A roll call of Rockdale’s black women

Reporter contributor

‘Black Women in American Culture and History’ is the theme for 2012 Black History Month nationwide. ‘Black Women in American Culture and History’ is the theme for 2012 Black History Month nationwide. Editor’s note: The fifth edition of Susie Sansom Piper’s Black History Month series “On The Other Side of the Tracks” looks back at notable African- American women in Rockdale’s history.

The unpaved streets, outdoor toilets, houses without electricity and limited transportation that existed in most small towns during the 1920s and 1930s can still be visualized by those persons who yet remain.

There was limited education, maybe confined to completing elementary, middle school grades or tenth grade, with hopes of having enough finance to obtain a rooming place and transfer to the Cameron Colored School, which carried 11 grades.

Yet there existed a great essence of community pride and a desire to make surroundings acceptable and useful.

This series gives special recognition to black women of Rockdale who contributed and made a lasting impact on the city.

It w ill include native- born Rockdalians and those who in later years became an important part of the city.

Kate Walton—Midwife who delivered many of the city’s and rural babies for those who could not afford a physician.

She was also well known for ear piercing, using only needle and thread, a cork and a bit of turpentine.

Viola Mitchell—First known hairdresser in the city. She used a lamp fitted with a wire hook across the chimney, or wood stove, straightening comb and curling iron. Most early beauticians also made hair ointment in those days.

Lula Moseley— One of the first faculty members at the Rockdale Colored School, later named Aycock. She also wrote the first history of the school, some of which is used today with added information.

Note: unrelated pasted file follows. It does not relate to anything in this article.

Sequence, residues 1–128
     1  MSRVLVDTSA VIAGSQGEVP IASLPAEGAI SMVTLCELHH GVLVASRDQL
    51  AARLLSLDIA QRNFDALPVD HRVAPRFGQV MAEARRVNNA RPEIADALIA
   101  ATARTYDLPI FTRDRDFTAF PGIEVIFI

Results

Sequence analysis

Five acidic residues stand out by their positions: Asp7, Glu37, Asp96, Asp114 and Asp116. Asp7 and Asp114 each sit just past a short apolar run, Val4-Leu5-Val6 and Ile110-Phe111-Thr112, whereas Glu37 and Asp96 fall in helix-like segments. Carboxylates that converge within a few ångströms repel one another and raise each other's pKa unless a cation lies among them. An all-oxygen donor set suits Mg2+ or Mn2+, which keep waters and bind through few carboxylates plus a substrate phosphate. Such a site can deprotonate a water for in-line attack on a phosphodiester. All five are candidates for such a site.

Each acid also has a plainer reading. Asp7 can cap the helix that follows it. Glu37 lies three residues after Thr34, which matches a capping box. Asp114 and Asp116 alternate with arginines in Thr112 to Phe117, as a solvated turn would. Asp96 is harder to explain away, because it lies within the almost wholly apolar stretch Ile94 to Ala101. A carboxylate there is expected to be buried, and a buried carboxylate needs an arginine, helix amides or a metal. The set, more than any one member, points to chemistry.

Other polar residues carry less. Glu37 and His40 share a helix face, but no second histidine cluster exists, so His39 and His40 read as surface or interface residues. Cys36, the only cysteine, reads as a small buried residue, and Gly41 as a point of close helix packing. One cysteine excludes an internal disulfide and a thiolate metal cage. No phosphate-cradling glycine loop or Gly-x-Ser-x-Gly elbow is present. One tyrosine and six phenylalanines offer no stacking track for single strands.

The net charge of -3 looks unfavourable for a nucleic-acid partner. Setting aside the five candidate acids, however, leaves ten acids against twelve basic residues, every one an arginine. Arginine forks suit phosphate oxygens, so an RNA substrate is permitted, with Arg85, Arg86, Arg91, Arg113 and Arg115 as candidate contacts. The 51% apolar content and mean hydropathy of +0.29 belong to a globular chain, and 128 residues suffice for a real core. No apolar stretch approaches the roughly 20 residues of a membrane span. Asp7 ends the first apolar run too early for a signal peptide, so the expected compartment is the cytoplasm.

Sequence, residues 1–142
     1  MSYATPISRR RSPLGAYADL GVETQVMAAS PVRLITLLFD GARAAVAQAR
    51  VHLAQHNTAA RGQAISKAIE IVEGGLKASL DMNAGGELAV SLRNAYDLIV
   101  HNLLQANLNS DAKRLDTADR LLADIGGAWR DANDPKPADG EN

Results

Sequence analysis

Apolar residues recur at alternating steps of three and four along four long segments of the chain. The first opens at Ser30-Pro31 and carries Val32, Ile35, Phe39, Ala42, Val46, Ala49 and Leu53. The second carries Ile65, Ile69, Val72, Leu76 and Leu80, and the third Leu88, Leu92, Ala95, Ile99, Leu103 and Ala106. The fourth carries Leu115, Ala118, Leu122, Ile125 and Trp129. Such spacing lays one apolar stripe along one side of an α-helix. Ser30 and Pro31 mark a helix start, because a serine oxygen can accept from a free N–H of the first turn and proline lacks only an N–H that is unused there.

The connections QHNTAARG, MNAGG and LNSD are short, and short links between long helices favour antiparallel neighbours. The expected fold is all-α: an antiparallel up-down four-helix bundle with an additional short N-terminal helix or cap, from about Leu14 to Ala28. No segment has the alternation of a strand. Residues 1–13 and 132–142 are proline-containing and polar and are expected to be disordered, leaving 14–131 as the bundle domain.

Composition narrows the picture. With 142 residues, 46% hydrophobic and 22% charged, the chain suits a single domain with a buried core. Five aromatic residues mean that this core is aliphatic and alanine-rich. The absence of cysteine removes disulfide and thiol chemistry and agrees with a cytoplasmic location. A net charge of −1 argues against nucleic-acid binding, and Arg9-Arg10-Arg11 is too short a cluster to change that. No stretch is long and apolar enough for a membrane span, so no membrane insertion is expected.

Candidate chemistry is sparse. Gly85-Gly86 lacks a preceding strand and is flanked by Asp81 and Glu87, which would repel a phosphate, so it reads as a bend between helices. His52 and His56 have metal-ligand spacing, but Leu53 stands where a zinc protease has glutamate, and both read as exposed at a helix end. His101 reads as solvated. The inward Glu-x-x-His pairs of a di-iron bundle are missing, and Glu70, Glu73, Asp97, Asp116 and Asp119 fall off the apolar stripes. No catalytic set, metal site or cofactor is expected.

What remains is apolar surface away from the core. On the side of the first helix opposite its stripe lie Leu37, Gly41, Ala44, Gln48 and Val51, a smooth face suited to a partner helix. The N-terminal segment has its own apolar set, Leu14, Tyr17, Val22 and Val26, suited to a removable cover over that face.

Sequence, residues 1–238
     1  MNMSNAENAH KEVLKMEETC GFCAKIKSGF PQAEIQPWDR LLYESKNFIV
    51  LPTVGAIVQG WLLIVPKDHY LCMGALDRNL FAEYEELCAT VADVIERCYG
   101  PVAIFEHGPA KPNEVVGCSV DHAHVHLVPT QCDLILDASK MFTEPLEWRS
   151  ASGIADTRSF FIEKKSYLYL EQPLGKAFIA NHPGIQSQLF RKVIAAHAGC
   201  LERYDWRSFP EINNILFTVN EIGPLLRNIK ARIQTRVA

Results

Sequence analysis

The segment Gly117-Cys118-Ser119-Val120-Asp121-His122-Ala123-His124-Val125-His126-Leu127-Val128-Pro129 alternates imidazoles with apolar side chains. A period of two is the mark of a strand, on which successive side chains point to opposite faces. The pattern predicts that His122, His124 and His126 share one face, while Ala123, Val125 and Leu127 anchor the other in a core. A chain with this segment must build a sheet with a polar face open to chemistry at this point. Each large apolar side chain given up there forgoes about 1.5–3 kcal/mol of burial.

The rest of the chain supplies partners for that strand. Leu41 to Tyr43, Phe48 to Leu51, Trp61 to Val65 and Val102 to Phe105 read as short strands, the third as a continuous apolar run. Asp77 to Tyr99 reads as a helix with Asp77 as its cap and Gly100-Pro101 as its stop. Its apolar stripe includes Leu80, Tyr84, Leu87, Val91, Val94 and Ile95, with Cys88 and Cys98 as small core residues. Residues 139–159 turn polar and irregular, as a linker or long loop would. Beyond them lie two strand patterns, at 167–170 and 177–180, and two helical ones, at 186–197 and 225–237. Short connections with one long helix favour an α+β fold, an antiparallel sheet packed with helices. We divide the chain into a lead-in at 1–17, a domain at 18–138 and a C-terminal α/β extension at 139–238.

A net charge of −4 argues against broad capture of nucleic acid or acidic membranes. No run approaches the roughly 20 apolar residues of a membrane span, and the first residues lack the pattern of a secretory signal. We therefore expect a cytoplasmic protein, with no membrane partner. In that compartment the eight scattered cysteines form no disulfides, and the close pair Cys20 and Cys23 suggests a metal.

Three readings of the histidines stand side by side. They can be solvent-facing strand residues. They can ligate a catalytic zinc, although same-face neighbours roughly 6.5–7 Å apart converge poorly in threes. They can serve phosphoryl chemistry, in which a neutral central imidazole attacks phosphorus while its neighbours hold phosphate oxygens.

Gladys Shields— A first known telephone operator at Prairie View Normal and Industrial School.

Mable Tindle—Teacher in the Liberty Hill area near Rockdale. She was among the first of the town to introduce garage sales. She often traveled to other small towns to sell her vast collection of used clothes, etc.

Clemmie Goins—A devout church worker, giver of vast proper t y surrounding New Hope Baptist Church. She served the Parent-Teacher Association at Aycock for many years and was instrumental in raising much of the finances used by the school for extracurricular activities.

Lillie Johnson, Ardie Judy, Pearl Dav is, Minnie Fair Mullins, Earnestine Mays and Eva Morgan—Comprised two well-known gospel singing groups who furnished special music for religious occasions.

Ella J. Beals—Also a first teacher in Rockdale Colored School. She and her husband owned Beals Grocery Store. She established the first known kindergarten in her home. It was not state-regulated, but provided early learning skills for the four and five-year-olds.

Granny Carrie Randolph— She played the piano for New Hope Sunday School and Baptist Training Union for so long, until her fingers were so stiff that they were unable to manipulate the keys properly. Her music was always unique to teenagers.

Bessie Shields Beals—A very talented seamstress who “could make anything out of nothing.” She designed paper costumes for school operettas and also designed and made the first majorette costumes for the Aycock Band.

Eva Mor ga n, Eu la Bel l Moultry, Area Nelson—Other well-known seamstresses during the era. All of these ladies were capable of making their own patterns from photos.

Etta Mae Cartwright-Walton, Lucy Mae Brooks, Eula Bell Moultry—The first blacks to broadcast on radio in Milam County.

Cleo Burley Moultry—The first well-known chef cook in Rockdale. She worked for many years downtown in the former Mrosko Cafe.

Courtney Cummings, Mittie Allen—Musicians at Allen Chapel AME Church.

Willie James Cooper—Sang in the local jazz orchestras.

Earnestine Mays—Became well know n on school talent shows for her rendition of “Rag Mop.”

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2012-02-02 digital edition

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